AI Camp is built with this future in mind. Michael wants to make sure high schoolers get a foundation in AI and a solid idea of their career goals and what’s available to them. So he forms student groups to mimic the frenzy of a startup, having the kids perform different roles such as product management, marketing, website coding, and building machine learning models. Working hands-on and tasting different business flavors give students crucial experience and data about the prospective job market ahead of them. As Michael puts it, “learning about AI is about learning how to use data to make better decisions.”

Ultimately, he wants to see the camp influence the status quo and push higher education to take more ownership of where their graduates end up. As the camp scales, students will continue down the path of self-guided learning and hands-on training because learning by doing is fundamental to the camp’s values. Students and supporters sign on because they see that the future is bright for both AI and the camp itself.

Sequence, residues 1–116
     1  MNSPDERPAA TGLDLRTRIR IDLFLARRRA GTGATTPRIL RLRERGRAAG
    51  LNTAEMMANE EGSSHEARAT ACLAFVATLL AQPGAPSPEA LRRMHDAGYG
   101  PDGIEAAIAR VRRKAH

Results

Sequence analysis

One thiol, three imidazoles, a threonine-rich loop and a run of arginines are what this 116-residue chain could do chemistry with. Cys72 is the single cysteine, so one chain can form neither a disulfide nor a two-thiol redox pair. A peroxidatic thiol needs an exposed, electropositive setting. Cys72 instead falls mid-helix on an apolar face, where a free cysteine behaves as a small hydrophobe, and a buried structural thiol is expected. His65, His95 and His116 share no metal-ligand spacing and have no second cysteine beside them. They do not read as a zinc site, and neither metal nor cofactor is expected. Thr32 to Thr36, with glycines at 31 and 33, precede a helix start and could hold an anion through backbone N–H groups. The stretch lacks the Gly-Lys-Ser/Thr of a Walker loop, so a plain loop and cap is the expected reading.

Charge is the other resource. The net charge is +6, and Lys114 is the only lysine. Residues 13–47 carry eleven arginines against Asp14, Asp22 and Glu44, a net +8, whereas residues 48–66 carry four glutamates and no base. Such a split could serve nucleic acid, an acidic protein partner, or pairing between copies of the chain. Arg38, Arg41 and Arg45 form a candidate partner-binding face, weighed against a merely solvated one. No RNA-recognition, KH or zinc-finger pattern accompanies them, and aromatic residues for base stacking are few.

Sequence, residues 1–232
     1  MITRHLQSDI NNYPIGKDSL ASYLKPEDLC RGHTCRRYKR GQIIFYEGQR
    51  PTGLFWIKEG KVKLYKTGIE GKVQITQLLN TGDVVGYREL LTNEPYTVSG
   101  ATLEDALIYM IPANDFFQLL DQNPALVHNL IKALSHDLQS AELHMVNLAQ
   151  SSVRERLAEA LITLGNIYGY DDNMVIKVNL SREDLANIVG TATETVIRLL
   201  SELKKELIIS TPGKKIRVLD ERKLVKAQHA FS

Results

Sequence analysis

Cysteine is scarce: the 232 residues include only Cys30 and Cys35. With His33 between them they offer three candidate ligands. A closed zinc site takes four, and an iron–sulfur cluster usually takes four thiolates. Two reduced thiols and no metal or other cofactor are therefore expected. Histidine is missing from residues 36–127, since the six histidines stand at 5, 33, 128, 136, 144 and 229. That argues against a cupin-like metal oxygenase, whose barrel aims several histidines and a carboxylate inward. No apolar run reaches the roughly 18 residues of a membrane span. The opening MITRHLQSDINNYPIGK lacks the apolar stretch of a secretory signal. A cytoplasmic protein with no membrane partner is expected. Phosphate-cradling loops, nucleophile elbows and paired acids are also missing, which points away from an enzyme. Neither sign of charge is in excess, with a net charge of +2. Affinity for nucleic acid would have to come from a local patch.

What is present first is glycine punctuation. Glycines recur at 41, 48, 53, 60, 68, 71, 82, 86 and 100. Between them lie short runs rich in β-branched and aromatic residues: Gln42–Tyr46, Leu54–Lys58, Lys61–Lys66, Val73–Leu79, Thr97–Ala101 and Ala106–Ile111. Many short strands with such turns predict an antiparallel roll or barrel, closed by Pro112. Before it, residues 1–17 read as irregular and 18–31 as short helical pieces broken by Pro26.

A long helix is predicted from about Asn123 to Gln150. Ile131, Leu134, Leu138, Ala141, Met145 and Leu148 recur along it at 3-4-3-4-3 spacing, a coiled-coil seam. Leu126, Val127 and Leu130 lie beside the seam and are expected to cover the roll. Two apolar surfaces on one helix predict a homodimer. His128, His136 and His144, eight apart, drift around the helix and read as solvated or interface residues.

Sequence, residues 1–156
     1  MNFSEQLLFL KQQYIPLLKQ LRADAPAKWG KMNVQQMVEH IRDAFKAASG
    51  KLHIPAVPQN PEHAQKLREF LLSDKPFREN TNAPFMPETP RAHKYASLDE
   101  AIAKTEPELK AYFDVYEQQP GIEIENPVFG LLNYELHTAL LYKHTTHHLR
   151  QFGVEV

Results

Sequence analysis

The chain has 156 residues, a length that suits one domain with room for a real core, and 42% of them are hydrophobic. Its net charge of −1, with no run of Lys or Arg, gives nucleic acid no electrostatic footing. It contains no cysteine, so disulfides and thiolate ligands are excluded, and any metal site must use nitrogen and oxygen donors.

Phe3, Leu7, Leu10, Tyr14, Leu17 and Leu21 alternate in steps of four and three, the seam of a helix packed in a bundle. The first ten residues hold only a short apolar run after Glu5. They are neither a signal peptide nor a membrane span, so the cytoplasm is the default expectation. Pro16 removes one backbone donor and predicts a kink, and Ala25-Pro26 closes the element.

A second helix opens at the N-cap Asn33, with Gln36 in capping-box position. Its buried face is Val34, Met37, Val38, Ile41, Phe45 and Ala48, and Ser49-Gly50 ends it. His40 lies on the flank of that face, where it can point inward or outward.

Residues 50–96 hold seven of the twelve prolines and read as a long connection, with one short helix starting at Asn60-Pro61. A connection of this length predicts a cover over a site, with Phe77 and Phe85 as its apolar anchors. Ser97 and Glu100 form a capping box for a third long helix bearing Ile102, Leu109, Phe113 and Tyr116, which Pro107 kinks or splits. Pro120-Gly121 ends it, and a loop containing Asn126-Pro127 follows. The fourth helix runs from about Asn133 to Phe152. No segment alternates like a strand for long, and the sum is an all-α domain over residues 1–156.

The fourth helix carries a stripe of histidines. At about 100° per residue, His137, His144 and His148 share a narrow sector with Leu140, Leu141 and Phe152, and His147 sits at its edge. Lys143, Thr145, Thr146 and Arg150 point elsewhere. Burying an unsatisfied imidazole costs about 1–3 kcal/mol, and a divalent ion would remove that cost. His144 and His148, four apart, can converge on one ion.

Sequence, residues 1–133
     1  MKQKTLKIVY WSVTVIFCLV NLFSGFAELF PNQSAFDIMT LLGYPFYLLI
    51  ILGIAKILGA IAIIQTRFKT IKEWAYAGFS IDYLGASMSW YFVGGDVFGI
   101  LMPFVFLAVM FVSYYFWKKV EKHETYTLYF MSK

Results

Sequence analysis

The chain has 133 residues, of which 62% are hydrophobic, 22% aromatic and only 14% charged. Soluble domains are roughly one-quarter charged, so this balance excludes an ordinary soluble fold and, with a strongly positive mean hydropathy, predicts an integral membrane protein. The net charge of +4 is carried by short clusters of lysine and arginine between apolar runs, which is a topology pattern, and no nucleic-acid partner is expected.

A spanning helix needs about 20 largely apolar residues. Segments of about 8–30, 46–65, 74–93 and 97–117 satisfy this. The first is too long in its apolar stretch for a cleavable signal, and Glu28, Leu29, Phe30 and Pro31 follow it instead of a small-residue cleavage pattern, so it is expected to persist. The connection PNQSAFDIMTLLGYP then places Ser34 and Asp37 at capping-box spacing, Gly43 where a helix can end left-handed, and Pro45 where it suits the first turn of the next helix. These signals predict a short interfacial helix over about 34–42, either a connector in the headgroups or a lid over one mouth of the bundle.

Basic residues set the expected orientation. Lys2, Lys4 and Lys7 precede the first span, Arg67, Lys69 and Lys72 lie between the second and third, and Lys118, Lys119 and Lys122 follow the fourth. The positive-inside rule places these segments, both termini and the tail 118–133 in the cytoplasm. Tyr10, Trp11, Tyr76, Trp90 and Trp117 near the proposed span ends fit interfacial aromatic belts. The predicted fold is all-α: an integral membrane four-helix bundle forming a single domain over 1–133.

“I hope that AI Camp transforms to a school focused on high school students learning ML/AI and going right into the workplace,” said John Danner, Managing Partner at Dunce Capital and one of the first investors of Lambda School. With thousands of students learning about AI and businesses starting to hire their graduates, AI Camp is inching towards its goals of educating the whole nation about AI and transforming higher education.

Media Contact
Company Name: AI Camp
Contact Person: Ana Alves
Email: Send Email
Phone: 5123545593
Address:2627 Hanover Street
City: Palo Alto
State: CA 94304
Country: United States
Website: https://www.ai-camp.org/